Laya had still not made her intentions clear. Nial assumed the girl would order Lune to stop his aggression, but what if she didn't? The dedication the Layans of Frigidia displayed toward Laya was alarming; it easily matched, if not exceeded, the powerful irrationality that had driven both sides to deify their leaders. All it needed was for Laya to play the role of figurehead and unite Lune's faction with Ryan's, bring the Kensai and other Frigidians under her banner, and Landen's cause would become hopeless. If Laya actually gave the order to fight, the destruction could exceed the worst of the Devastation War. Her master's descendants would end up wiped out in a religious frenzy of bloodshed and hatred.
I could kill her.
It was such a simple solution. MIEUs were designed to look as Palman as possible. More importantly, as a machine, she was not bound by Orakio's Law against killing. She could slit Laya's throat, infiltrate Lune's headquarters, and kill him too. Denied their leader, the war effort would probably fall apart. The forces Laya could stir would never arise, since no one would find the body. She'd vanish into myth, where she should have stayed in the first place.
Wasn't it her duty to her master to kill Laya? The girl had been Lord Orakio's enemy, had inherited the mantle of power from her master's rival. She was a clear and present danger to all of Orakio's followers. It would be so simple to eliminate her permanently, yet...
"Why did you throw a snowball at me?! Who do you think you are, male?!"
"It wasn't me!" Nial protested vigorously.
"Then who el—gah!"
Mieu turned her head back toward the clearing. The shousa's hair now sported chunks of snow. Clear laughter rang out as Laya drifted back into visibility. The shousa stared at the blonde girl in clear bafflement. "Alteza?"
"Surely you can play better than that, shousa Miyu?" Laya asked as she tilted her head quizzically. "Or would you rather side with me against Nial?"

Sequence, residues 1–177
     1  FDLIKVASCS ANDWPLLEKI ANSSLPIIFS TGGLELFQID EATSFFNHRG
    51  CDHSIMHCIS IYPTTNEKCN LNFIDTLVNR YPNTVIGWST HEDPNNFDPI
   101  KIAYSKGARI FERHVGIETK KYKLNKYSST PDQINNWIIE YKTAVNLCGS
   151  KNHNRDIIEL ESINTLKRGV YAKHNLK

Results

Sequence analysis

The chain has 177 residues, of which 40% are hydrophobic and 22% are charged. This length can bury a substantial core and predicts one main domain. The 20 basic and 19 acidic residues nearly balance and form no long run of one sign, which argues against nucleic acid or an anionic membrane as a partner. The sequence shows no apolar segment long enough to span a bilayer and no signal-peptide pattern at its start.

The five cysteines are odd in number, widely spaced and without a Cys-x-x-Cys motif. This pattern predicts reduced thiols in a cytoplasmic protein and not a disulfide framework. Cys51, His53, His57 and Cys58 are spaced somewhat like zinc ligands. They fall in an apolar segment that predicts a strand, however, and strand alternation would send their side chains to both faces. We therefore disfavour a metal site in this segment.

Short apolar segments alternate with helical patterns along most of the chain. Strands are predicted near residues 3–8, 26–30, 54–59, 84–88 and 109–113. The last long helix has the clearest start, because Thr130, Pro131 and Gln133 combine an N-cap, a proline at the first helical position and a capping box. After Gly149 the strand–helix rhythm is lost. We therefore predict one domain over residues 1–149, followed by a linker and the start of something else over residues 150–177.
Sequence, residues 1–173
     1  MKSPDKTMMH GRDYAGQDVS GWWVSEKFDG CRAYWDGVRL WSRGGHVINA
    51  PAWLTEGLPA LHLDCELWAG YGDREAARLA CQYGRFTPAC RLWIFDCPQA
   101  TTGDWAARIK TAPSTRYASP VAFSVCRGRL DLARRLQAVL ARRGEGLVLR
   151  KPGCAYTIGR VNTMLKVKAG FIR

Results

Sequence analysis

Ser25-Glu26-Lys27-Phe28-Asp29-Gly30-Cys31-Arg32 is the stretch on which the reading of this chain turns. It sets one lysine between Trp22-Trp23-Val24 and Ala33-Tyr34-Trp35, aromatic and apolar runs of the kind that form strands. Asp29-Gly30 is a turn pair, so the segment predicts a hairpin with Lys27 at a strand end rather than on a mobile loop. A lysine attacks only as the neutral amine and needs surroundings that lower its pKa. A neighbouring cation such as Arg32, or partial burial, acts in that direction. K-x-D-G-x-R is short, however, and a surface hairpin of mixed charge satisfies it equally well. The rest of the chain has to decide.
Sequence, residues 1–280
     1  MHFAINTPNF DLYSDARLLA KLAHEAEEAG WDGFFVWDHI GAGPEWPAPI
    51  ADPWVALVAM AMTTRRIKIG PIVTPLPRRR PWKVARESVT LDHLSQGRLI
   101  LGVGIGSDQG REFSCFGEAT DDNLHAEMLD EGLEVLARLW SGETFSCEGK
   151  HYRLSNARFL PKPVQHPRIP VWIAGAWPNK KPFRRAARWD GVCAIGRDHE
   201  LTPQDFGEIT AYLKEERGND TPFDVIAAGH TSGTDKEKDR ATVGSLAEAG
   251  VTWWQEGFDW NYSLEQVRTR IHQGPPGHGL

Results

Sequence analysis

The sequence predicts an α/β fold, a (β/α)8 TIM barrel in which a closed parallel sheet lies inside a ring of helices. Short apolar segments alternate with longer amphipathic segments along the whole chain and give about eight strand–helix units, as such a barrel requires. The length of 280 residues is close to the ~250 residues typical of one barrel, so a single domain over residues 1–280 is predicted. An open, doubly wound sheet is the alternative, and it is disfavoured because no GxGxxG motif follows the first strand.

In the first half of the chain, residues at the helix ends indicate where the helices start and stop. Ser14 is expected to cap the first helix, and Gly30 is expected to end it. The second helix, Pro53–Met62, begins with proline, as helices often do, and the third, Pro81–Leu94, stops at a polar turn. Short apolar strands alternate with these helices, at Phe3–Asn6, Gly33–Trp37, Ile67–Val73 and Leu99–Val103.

The lavender-haired girl's question was interrupted as a snowball hit her from behind. Unfortunately, the one Nial had simultaneously lobbed at Laya missed by a fair distance. Outraged, Miyu abandoned the dignity of her position and joined Laya in pelting the Landenian prince in snow. It took only seconds for the three of them to descend into delighted laughter.
A sigh escaped Mieu's lips. It was so simple, yet at the same time, it would solve nothing. This Laya was not the original. Her demise would not bring back Lord Orakio. No, hurting a single hair on the girl's blonde head probably went against her master's will, as he had to have actively connived with his rival in order to hide the girl for a millennium in the first place.
It all came down to guessing her master's intent, never a simple task with a man as complex and as secretive as Lord Orakio. At a guess, Mieu had been put to sleep for the same reason Laya had, as an insurance policy against whatever Lord Orakio and the original Laya had fought against. But why had they been forced to wait for a thousand years?
Nial's protests brought her attention back to the youths. The two girls had brought the gentle giant down. Laya's arms were wrapped around Nial's neck, her head next to his as she laughed, while Miyu had piled on top of the both of them, seemingly less conscious of Laya's special status than she had been before. By all appearances, they were just three teenagers having fun, instead of the important leaders they were.
Somehow, the innocent scene resolved her uncertainty. While the girl might share her sister's name, she was not her sister. Mieu did not know what her master's expectations were, but it was obvious Laya was important in meeting them. Until and unless Laya showed hostile intent toward Orakio's descendants, she would protect the girl. If however, Laya did betray them…
Well, if that happened, then Mieu would do what she must.